Sunday, 18 August 2013

Die! Die! My Darling! AKA Fanatic (1965)

One of the more bizarre, and therefore more interesting, movies to be released under the Hammer name, Die! Die! My Darling! feels a bit like something you'd expect to see if Pete Walker and Sergio Martino decided to work together on a movie that then had all of the nudity and bloodshed removed. It's often very stylish, it contains a roster of strange and memorable characters, and most of the highlights revolve around aspects of passion, be it severely repressed or bubbling up to the surface.

Stefanie Powers plays Patricia, a young woman who sets out to visit the mother (Mrs. Trefoile, played by Tallulah Bankhead) of her deceased fiance. When she gets there, she finds a very strange household where no condiments are added to the food, no mirrors are used and make-up is not allowed. Even the colour red is frowned upon. Patricia soon finds herself in trouble, upsetting Mrs. Trefoile and unable to get away as quickly as she would like to.

Written by Richard Matheson, based on the novel by Anne Blaisdell, this is a film more about characters and mood than snappy dialogue. There may not be many memorable lines, but there is great pains taken to develop both the characters and situation.

Powers makes for an appealing lead, her character puts up with a LOT before standing up for herself, and Bankhead is very good as the strict, cold Mrs. Trefoile. Peter Vaughan is good as the lusty Harry, Yootha Joyce does well in the role of Anna and Donald Sutherland puts in an appropriate, but strange, performance as Joseph, a mentally handicapped young man. Maurice Kaufmann may not be onscreen much, as Alan (the current beau of Patricia), but he does just fine.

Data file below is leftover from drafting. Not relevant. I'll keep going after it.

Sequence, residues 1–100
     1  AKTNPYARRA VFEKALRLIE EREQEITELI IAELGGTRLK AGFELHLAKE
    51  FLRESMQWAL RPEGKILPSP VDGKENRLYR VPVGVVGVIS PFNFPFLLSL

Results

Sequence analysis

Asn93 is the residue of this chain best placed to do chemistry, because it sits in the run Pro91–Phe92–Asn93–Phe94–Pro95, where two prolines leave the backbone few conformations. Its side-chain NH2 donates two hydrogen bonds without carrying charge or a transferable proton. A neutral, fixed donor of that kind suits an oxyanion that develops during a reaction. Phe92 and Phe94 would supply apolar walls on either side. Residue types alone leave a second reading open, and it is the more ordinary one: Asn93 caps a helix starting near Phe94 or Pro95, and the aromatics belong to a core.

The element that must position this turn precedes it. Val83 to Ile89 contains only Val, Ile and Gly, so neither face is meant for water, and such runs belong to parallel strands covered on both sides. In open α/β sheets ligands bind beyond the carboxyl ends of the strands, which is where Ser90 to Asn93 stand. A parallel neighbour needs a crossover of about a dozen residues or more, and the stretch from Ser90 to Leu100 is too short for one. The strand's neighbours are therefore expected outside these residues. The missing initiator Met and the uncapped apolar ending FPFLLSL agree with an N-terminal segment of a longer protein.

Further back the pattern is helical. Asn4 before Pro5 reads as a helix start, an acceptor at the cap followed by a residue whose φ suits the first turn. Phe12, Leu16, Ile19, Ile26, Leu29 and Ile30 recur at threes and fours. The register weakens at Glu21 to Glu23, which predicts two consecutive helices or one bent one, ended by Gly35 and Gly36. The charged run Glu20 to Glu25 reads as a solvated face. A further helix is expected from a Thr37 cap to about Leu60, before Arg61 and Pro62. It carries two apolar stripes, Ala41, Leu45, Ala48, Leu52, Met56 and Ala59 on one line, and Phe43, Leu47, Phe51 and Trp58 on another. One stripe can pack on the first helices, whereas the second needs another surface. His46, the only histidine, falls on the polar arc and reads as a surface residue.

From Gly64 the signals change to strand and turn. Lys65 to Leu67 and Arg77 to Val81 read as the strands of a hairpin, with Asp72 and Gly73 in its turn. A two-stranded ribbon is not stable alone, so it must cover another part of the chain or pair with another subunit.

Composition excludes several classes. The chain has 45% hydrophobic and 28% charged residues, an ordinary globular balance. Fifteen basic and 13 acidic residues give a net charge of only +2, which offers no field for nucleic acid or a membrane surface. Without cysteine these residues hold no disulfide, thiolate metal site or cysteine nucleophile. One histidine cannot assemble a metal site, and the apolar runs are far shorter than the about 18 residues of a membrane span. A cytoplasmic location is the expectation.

Director Silvio Narizzano does a good job with the material, keeping everything interesting and entertaining without ever filling out sequences with cheap shocks or gratuitous excesses. The movie walks a fine line between the eerie and the laughably bonkers, and it's to Narizzano's credit that once the film ends it stays in your memory for all the right reasons.

All in all, this is a very good film for fans of the slightly bizarre.


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